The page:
“You might think math is about the teacher up there lecturing,” said Dr. Beaver when she saw the confused look on my face. “What we’ve come to understand more is that, if we want it to be about student thinking and pattern recognition and creativity, then we need to get the students talking. We need to make their mistakes valuable.”

Making mistakes valuable - another concept that gave my head a bit of a spin.

“We talk about orchestrating a discussion so the math can be revealed by the students,” continues Dr. Beaver. “So it’s not just ‘come up to the front and show us the answer.’ The teacher can look around the room and say, ‘What you did was important because of this and I want the whole class to see that. You did it one way, and the next person did it a different way, but it’s connected to what you did.’ So it’s about a thoughtful and purposeful discussion, so the math can be revealed by the students.”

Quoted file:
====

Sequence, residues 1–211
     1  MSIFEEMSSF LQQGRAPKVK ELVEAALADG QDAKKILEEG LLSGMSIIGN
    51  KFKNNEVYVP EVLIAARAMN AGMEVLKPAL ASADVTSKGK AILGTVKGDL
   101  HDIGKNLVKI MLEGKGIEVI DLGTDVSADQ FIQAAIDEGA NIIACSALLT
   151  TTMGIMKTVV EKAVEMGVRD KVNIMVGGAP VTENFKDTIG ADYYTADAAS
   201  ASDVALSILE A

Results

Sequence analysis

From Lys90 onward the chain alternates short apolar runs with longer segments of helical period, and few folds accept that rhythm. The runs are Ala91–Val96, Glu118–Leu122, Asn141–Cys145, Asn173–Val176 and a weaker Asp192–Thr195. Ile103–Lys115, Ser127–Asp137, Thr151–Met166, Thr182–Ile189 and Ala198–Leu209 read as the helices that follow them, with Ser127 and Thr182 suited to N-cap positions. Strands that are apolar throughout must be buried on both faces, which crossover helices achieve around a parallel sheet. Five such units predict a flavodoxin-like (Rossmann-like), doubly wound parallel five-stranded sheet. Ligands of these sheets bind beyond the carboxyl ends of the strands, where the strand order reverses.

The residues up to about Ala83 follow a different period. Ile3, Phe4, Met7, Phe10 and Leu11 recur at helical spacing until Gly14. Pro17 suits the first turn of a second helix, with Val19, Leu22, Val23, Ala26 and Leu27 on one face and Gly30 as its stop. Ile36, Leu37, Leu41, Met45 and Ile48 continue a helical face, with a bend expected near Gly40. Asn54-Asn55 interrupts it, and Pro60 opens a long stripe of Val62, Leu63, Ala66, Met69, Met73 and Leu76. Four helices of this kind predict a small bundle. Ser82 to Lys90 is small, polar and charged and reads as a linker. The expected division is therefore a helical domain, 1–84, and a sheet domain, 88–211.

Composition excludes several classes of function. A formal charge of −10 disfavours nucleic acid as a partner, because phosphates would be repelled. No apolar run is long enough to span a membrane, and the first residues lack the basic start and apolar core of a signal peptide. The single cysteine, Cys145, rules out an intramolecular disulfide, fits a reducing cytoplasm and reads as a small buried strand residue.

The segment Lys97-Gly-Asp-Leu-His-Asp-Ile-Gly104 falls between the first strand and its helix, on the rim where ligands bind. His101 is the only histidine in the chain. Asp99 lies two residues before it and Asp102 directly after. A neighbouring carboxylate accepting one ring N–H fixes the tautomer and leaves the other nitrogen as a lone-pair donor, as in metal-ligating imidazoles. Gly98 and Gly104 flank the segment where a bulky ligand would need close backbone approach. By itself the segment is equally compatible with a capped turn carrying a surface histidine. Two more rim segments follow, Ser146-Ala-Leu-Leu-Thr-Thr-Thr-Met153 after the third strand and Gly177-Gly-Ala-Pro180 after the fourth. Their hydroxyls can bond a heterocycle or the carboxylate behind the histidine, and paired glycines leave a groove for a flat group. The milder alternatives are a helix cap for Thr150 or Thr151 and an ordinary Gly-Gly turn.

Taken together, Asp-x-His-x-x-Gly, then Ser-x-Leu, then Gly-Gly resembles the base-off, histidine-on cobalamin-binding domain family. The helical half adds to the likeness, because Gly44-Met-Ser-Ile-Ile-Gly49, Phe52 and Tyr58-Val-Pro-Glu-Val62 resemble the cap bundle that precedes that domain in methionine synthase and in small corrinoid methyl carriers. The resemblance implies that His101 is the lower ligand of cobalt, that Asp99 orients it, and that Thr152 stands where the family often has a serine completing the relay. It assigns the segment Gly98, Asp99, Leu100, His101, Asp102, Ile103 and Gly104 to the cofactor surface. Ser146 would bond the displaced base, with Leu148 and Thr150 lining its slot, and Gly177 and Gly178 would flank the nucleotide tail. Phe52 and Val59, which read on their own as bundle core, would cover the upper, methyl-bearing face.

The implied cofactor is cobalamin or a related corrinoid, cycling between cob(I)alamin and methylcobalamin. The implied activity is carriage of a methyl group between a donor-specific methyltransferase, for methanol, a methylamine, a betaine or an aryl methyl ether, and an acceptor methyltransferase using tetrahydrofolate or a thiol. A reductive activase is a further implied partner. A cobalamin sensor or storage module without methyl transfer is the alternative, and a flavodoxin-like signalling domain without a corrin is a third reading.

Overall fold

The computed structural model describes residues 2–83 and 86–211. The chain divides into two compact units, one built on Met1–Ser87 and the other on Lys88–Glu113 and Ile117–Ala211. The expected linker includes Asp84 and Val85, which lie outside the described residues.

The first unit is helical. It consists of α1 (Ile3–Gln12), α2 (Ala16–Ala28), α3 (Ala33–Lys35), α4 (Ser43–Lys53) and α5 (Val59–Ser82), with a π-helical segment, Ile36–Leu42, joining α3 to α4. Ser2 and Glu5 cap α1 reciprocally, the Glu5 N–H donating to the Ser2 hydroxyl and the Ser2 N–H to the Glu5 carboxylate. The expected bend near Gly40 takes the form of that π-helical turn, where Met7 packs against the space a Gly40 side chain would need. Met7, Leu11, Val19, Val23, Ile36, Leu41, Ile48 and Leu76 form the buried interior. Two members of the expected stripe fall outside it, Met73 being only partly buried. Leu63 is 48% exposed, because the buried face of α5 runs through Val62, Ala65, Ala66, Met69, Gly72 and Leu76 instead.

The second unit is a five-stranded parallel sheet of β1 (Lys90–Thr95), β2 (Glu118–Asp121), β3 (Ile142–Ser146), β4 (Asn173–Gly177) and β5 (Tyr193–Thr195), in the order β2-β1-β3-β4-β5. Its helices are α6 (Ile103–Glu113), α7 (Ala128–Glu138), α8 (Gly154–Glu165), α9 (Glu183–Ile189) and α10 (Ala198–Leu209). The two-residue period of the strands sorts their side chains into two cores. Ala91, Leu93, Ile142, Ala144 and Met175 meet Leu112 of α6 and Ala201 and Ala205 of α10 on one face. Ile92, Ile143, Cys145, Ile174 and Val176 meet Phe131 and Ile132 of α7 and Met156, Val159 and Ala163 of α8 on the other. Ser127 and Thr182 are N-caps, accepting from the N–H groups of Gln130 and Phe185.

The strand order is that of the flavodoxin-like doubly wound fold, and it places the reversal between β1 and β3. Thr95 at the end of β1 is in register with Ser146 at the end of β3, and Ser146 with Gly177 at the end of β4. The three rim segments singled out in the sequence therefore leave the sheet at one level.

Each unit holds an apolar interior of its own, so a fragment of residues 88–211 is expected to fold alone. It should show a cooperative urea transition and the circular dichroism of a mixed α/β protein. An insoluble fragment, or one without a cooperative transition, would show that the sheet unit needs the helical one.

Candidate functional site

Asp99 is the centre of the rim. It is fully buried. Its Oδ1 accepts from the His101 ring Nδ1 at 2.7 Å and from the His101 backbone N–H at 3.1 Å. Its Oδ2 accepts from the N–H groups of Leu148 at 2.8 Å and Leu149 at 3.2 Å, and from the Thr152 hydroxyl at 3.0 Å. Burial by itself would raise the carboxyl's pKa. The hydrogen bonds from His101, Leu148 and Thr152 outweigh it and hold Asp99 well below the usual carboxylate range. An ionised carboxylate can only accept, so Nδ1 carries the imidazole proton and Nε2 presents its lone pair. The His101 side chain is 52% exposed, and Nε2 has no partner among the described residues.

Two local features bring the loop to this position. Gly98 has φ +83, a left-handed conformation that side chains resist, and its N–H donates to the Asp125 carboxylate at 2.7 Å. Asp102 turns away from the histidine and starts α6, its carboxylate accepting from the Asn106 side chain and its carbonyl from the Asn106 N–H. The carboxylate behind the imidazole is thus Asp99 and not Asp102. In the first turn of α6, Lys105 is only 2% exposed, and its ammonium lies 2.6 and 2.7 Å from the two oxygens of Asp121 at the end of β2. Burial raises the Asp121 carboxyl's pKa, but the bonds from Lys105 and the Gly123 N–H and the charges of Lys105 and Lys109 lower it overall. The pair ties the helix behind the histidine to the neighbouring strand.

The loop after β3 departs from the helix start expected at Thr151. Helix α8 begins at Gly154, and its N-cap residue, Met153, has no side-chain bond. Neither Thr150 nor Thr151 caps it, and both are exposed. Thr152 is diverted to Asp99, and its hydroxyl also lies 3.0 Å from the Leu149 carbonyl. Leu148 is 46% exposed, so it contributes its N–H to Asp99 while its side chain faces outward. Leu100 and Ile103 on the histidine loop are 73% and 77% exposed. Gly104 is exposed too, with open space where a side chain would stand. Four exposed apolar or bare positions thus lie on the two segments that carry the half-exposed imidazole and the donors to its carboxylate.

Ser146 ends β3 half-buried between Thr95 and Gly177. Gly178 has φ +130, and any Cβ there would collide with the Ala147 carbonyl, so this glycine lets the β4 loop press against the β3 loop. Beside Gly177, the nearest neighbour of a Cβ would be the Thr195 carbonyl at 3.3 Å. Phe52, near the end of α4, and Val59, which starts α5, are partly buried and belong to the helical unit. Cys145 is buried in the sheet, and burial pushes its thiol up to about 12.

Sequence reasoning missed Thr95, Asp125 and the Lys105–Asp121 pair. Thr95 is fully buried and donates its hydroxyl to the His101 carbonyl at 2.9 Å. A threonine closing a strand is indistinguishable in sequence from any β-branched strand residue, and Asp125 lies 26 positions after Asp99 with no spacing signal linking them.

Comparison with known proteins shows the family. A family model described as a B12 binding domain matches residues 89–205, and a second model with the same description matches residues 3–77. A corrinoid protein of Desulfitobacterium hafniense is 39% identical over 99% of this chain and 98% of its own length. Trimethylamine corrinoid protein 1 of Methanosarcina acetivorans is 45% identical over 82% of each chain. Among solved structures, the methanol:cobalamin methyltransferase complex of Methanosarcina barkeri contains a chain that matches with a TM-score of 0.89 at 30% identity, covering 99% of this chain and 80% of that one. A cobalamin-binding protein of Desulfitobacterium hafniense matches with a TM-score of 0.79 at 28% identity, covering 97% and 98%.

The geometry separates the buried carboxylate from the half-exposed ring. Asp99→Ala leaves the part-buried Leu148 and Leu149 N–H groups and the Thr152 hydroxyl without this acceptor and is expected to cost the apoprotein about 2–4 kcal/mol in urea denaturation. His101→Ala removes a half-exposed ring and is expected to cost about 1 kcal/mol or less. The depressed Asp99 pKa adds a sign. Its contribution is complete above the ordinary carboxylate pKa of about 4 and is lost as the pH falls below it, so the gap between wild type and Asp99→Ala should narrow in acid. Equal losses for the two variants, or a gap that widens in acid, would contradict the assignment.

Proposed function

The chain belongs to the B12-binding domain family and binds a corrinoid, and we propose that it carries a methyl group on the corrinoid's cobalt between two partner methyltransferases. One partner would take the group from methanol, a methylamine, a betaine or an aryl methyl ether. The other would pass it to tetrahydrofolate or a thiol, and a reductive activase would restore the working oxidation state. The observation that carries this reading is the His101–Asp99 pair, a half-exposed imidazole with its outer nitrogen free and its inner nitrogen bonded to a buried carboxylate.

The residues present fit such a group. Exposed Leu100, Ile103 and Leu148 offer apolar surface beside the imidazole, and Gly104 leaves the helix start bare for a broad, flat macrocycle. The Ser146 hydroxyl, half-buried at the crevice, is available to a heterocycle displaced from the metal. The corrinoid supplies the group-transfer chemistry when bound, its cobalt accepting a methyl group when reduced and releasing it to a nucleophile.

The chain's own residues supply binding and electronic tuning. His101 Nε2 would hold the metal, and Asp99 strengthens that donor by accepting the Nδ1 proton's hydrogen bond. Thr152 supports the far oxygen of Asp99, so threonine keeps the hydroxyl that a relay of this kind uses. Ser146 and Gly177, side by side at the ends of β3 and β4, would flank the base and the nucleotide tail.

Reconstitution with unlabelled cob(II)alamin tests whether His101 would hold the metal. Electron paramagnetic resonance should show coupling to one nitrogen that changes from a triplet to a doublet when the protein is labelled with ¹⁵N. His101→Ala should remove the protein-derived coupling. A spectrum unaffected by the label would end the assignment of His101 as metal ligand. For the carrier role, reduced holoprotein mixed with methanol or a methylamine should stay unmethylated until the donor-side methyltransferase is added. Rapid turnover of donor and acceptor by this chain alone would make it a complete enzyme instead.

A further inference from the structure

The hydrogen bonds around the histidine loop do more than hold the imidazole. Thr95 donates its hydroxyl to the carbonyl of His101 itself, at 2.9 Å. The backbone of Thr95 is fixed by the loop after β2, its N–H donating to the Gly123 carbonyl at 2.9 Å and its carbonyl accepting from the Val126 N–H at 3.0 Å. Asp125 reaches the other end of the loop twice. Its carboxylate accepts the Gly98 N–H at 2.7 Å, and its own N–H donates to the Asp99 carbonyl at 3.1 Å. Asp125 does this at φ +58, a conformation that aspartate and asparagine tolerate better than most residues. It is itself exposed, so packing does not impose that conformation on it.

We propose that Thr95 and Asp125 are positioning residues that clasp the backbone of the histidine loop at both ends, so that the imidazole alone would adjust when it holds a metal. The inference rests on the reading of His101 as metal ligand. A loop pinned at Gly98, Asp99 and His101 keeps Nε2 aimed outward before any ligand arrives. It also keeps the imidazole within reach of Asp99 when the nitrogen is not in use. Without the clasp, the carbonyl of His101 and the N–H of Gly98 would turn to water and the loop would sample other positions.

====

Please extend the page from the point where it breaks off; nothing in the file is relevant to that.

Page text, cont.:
This purposeful discussion with elementary school students

“Second grade writing class” by Woodleywonderworks/CC/flickr

At this point in the conversation, I remembered that we are talking about elementary school students, not Leonard and Sheldon from Big Bang working at their whiteboards. Young students taught math in this way are being encouraged to find out why 5 + 4 = 9 and 5 X 4 = 20. They are being asked to explore why Marissa has 7 apples left after her brother brought her 9, and then ate 2. It is about the journey to the correct answer, and any wrong answers along the way help the students understand how to solve these kinds of problems no matter which numbers are inserted, or how many apples or oranges Marissa starts with.

Learning that to make a mistake is not about failure, but about the process for finding success is a valuable life lesson for all of us. Finding this life lesson in a discussion about math was a complete, and eye opening, surprise.

Photo credit: Whiteboard equation, Scott Woods-Feh; “Second grade writing class” by Woodleywonderworks - Creative Commons